Gastric Cancer Treatment: Research Instrument

Selecting an Existing Instrument for a Study

When a researcher selects an existing instrument for application in a study, several major factors must be taken into account. In the first place, preference should be given to instruments that ensure the validity and reliability of the collected data. Furthermore, the results obtained must be potentially comparable with the data collected by other researchers during previous investigations on the same or a related topic.

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The reliability of an instrument is reflected in the consistency of measure, whereas validity determines the degree to which this particular instrument can reflect the item under examination. Responsiveness is another important factor in the selection of an existing instrument. This term refers to the capability of the measure to track the changes that happen to the object of study over time. Responsiveness is particularly significant in the estimation of the consequences of various medical interventions (Zohrabi, 2013).

Even though a lot of information is available regarding how to select an existing instrument, the task can be difficult. One of the most appropriate traditional approaches is to conduct a thorough review of the literature (books, journals, peer-reviewed articles, etc.) that provides detailed descriptions of different instruments and their most suitable applications. Databases and other credible online resources are also helpful in this endeavor. Traditional medical sources (such as PubMed) are not the only resources to investigate in locating an instrument—in fact, it is highly advisable to address materials from other spheres to see how an instrument can be applied in different fields, as well as identifying the field in which its application yields the best results (Mohamad, Sulaiman, Sern, & Salleh, 2015).

Locating an instrument presupposes, taking into consideration not only whether it meets the goals of the intended research but also the associated financial, ethical, and time issues related to its use.

Search for an Existing Instrument to Address the Research Question

My research question addresses the issue: “In Hispanic patients with gastric cancer, does the prevalence of chemotherapy-induced nausea and vomiting differ in patients treated with conventional medicine compared to patients who receive herbal treatment in the form of ginger?” Thus, I must select a tool that would best suit assessing the quality of life in patients who undergo cancer therapy. To obtain objective results, it is necessary to assess the situation from both the researcher’s and the patient’s perspective.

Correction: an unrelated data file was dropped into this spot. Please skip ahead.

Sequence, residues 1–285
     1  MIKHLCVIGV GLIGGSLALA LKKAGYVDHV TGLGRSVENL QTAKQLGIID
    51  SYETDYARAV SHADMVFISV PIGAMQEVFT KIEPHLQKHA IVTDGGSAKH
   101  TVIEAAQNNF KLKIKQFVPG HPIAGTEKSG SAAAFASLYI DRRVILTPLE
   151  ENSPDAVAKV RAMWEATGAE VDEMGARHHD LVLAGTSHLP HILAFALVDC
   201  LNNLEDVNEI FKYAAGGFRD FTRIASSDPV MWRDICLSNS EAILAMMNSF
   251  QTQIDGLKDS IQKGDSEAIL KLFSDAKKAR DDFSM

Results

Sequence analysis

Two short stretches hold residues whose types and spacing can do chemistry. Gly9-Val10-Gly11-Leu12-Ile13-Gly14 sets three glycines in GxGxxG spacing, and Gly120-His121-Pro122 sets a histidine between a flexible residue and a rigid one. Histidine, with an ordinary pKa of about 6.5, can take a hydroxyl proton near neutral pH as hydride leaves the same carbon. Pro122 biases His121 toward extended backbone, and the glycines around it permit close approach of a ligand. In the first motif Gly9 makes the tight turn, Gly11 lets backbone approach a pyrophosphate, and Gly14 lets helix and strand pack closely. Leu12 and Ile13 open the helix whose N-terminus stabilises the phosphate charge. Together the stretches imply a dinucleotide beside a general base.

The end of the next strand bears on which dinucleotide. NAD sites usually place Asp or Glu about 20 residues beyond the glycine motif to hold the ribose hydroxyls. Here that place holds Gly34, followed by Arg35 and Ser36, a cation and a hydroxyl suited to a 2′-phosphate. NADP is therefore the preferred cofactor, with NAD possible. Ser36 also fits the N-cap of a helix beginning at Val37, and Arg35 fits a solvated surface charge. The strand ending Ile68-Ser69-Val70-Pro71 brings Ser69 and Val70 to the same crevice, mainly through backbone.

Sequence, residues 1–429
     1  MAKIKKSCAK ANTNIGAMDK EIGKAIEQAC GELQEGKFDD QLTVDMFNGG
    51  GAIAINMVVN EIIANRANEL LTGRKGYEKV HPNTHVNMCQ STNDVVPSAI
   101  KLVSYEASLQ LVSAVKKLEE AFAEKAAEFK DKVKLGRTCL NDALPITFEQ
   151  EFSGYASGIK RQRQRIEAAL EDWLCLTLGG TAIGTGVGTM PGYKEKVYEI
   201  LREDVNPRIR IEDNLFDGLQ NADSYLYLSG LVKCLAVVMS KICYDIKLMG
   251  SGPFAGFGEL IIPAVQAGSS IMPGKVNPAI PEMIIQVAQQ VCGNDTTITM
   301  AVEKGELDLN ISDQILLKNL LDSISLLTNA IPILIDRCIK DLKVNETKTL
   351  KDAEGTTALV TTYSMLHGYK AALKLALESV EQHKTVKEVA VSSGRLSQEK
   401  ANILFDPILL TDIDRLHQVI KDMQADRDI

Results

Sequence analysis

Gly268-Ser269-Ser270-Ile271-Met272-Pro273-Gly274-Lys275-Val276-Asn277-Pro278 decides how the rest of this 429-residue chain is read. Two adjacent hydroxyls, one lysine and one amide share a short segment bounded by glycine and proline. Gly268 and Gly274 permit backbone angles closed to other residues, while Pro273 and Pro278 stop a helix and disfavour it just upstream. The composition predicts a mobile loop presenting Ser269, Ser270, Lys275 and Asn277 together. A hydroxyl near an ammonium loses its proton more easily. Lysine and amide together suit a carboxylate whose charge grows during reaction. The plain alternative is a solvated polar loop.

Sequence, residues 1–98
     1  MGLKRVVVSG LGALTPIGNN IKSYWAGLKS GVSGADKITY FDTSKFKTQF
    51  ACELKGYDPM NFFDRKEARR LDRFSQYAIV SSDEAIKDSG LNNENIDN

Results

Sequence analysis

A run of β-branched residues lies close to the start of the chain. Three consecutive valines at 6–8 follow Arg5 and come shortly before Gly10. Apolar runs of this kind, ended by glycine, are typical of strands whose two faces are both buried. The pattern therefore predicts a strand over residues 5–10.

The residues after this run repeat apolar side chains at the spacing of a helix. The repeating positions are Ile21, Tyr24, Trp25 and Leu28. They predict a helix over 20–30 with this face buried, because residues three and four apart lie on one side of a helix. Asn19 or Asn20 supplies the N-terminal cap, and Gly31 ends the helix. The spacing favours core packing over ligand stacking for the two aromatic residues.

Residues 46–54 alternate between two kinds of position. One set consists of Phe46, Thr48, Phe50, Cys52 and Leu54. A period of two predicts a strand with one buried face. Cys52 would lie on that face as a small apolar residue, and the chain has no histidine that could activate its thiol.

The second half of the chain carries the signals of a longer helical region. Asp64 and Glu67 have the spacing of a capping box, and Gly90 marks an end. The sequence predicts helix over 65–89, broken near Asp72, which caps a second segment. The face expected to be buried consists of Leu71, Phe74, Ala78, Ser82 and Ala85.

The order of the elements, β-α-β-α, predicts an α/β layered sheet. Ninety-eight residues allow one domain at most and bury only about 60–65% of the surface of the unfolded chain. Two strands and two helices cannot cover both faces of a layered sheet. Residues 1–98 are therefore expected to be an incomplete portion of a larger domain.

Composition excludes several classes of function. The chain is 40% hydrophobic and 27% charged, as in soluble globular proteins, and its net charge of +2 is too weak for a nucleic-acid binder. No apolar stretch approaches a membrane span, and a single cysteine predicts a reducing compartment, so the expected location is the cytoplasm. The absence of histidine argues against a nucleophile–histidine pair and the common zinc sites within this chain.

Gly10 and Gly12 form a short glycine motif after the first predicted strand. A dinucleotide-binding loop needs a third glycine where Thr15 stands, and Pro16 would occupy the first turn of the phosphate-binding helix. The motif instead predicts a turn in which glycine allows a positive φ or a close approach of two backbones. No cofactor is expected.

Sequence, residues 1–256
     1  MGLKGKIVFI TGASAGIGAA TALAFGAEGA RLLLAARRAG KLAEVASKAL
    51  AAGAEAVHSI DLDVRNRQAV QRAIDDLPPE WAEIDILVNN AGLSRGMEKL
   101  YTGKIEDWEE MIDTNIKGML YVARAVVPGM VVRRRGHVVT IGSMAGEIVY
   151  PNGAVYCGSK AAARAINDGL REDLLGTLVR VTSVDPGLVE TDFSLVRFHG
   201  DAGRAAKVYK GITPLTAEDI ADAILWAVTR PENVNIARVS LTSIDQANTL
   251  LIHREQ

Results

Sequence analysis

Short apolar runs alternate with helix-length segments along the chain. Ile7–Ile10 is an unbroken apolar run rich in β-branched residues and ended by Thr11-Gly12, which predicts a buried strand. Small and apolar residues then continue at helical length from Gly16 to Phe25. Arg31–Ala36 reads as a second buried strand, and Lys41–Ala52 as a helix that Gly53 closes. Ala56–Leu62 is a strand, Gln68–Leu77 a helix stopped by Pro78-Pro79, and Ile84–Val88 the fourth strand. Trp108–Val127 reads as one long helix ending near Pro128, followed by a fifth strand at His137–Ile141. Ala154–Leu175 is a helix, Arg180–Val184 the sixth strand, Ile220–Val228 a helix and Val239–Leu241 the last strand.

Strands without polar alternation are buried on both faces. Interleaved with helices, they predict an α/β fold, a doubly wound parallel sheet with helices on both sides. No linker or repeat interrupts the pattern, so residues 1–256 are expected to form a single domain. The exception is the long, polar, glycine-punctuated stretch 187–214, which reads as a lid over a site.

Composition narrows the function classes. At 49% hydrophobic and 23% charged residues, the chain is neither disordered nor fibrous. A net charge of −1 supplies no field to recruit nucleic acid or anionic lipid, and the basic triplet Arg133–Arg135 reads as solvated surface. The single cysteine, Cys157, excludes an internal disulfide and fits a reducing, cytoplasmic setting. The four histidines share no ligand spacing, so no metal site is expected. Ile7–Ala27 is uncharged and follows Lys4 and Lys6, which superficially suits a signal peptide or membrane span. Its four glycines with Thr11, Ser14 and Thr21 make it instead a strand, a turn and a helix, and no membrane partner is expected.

As a result, it is necessary to apply several instruments within the quantitative experimental design: The researcher must perform both a patient record survey and the Functional Assessment of Cancer Therapy (FACT). The first instrument will allow obtaining background data that will have a higher degree of validity and reliability than patient-reported information as it will be supported by evidence. Types of measures will be magnitude, duration, the occurrence of an event, and severity. However, the exclusive use of medical records as an information source does not offer an objective evaluation of vomiting connected with cancer-related therapy.

FACT offers the most suitable patient-reported outcome measure in the form of a questionnaire that will assess four aspects (physical, emotional, functional, and social) of the impact of both conventional and herbal treatment, providing a holistic picture of the patient’s state. The tool has 27 questions that use a 5-point scale (0-4), in which higher numbers indicate a better state. FACT scores have been proven to have Cronbach’s α of 0.8 or above, which shows perfect reliability while at the same time having good construct validity (Zhou et al., 2012). This allows stating that in combination with medical record research, this instrument will provide all the necessary data for the comparative assessment of the two measures under discussion.

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Mohamad, M. M., Sulaiman, N. L., Sern, L. C., & Salleh, K. M. (2015). Measuring the validity and reliability of research instruments. Procedia-Social and Behavioral Sciences, 204(1), 164-171.

Zhou, H. J., So, J. B., Yong, W. P., Luo, N., Zhu, F., Naidoo, N.,… Yeoh, K. G. (2012). Validation of the functional assessment of cancer therapy-gastric module for the Chinese population. Health and Quality of Life Outcomes, 10(1), 145-153.

Zohrabi, M. (2013). Mixed method research: Instruments, validity, reliability and reporting findings. Theory and Practice in Language Studies, 3(2), 254-262.

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